Iraq Weapons Rattle the Hill

  • Share
  • Read Later
U.S. officials responsible for secretly assessing — and now at all costs finding — Iraq's weapons of mass destruction are gearing up for another week of finger-pointing.   CIA Director George Tenet may appear later this week before a closed-door session of the Senate Intelligence Committee, a U.S. official told TIME, to answer questions about whether his agency overestimated Iraq's chemical and biological warfare programs. 

That follows an inconclusive first week of inquiry into the Administration's reading of the pre-war intelligence after which Senators concluded they needed to hear more. In a closed-door hearings last Thursday, the State Department officials hinted they felt pressure to toe the White House's hard line but insisted they had not tailored intelligence. Some observers, however, said such perceptions by officials at State — who were widely known as behind-the-scenes skeptics of the Iraq WMD intelligence — may simply have resulted from the at-times heated internal policy debate in the months leading up to war.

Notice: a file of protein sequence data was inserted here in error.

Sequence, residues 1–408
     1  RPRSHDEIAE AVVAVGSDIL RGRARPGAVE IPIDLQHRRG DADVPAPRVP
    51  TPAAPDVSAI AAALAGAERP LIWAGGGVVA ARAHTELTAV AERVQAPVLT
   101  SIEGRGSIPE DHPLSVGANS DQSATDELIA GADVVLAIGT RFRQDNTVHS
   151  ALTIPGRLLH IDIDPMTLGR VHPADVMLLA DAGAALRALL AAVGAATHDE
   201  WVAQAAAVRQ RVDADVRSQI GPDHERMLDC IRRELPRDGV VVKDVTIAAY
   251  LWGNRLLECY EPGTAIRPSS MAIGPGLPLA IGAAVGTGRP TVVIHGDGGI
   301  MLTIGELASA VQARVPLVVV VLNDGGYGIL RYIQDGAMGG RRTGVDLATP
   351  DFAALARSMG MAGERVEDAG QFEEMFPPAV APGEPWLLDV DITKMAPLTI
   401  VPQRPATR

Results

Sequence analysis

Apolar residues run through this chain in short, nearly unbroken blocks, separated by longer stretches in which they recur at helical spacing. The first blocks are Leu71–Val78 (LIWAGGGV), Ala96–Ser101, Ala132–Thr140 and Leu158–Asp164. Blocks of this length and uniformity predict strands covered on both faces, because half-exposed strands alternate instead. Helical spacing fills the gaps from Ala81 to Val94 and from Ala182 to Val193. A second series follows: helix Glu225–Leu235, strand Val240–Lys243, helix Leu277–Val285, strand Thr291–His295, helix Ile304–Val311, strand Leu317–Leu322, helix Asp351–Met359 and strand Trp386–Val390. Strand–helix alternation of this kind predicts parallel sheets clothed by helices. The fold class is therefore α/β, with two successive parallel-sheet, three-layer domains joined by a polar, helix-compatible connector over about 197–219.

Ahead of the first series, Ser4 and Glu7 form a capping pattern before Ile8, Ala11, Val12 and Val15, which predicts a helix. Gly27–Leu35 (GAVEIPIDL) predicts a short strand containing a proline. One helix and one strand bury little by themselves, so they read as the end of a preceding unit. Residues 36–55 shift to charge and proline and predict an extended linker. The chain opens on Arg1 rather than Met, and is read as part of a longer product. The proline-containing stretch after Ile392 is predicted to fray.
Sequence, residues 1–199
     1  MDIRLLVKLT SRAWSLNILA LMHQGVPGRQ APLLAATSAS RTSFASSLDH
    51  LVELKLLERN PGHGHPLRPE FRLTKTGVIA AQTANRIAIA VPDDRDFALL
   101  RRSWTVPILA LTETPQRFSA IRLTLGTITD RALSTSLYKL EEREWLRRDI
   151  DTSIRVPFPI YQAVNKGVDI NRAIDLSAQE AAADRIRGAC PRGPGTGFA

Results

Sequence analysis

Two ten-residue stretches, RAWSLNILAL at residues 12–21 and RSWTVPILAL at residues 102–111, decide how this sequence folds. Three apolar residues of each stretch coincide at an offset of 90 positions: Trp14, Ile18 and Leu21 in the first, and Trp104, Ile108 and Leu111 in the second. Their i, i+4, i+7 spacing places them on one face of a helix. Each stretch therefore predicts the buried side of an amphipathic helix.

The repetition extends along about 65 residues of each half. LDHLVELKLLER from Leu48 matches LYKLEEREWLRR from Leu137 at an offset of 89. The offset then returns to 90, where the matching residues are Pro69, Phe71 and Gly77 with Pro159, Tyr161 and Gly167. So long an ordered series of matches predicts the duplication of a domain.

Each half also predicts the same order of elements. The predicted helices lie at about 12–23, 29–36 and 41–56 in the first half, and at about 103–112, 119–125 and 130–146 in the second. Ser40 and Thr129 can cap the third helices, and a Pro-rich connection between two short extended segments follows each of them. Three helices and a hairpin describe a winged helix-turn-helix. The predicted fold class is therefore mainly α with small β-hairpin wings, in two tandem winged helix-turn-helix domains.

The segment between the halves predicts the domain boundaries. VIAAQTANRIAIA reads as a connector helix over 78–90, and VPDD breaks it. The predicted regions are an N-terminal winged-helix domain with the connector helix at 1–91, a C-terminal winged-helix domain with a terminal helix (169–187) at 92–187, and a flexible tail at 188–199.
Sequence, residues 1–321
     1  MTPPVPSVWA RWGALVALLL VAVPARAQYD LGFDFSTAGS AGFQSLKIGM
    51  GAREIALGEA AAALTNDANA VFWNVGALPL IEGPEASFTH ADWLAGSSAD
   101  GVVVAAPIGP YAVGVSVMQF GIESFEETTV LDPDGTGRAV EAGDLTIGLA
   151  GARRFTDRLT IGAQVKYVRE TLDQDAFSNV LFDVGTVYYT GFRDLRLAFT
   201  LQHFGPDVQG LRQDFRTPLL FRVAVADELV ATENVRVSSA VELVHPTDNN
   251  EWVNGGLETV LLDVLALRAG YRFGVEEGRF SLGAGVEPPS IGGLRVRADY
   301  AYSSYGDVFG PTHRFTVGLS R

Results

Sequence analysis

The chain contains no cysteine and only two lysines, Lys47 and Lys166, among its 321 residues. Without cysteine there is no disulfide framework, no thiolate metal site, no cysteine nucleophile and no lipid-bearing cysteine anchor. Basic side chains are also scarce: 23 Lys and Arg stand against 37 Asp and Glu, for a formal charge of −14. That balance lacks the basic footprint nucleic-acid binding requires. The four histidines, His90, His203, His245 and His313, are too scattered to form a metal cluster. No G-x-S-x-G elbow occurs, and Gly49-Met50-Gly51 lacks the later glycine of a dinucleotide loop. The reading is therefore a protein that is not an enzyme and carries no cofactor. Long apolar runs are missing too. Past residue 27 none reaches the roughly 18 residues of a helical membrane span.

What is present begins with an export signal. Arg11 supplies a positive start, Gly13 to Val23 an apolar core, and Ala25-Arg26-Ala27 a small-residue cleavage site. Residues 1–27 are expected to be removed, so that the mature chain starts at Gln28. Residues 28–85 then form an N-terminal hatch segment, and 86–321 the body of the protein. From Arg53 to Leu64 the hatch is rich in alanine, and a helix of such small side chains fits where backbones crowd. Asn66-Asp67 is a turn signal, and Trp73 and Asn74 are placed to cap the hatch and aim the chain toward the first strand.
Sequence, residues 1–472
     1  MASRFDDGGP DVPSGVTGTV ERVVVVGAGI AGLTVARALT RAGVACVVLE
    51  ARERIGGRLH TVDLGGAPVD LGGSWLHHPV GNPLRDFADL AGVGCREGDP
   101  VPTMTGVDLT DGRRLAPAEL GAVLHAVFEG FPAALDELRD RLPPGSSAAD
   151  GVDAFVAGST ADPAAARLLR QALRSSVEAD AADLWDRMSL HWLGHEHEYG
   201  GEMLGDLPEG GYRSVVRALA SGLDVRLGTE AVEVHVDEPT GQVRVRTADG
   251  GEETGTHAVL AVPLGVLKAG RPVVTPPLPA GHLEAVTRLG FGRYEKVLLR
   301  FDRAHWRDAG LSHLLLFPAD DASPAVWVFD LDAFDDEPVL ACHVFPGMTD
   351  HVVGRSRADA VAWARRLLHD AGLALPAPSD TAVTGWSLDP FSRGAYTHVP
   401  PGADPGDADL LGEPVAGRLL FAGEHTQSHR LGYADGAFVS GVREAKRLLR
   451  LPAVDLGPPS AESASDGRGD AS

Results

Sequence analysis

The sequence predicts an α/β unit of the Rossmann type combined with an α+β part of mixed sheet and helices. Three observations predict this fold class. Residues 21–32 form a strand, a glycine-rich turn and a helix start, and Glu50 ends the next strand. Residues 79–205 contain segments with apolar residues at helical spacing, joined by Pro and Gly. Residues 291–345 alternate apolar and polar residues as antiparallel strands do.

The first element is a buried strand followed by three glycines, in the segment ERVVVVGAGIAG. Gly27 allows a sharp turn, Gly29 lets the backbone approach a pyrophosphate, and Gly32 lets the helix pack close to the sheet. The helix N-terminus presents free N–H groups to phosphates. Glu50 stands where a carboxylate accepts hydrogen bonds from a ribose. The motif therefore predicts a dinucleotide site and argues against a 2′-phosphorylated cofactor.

George W. Bush last week called much of the debate “revisionist,” but the President's critics aren't the only people who have been revising their stories.  Other top Administration officials, like Chief of Staff Andy Card, say despite mistakes, connecting the dots pointed to a clear Iraq threat and possession of weapons of mass destruction. "Intelligence is not an exact science," says Card. "Some dots you collect may turn out not to be real; others turn out to be real dots." One bum dot that has come back to haunt the Administration: A line in the President's State of the Union address referring to reports about Iraq's efforts in Niger to obtain uranium oxide to build nuclear weapons that later turned out to be false. "I would put that in the category of a dot that went bad," says Card, "and I think it was not inappropriate for us to tell people about the dot because when it was presented to us we didn't have all of the information." The Administration blames British intelligence for passing on bad information about the Iraqi effort, even though some at the CIA had questioned it at the time.

Card says the Administration is guilty of nothing but relying on information that turned out to be faulty. "It would be great if I, or the President, or the Vice President could be all-knowing," he says, " but we're not. I don't know when the battleship Missouri needs to be painted, but somebody in government decides that the ship has to be repainted. I am not as spun up over this as other people suggest we should be. It's hard for me to keep track of everything that's going on at the White House, let alone what's happening at the CIA."

Meanwhile, according to a Pentagon official, those doing the digging in Iraq say they have recently found small pieces of the WMD puzzle. Not yet enough to convince the public, perhaps, but enough to get the WMD hunters excited.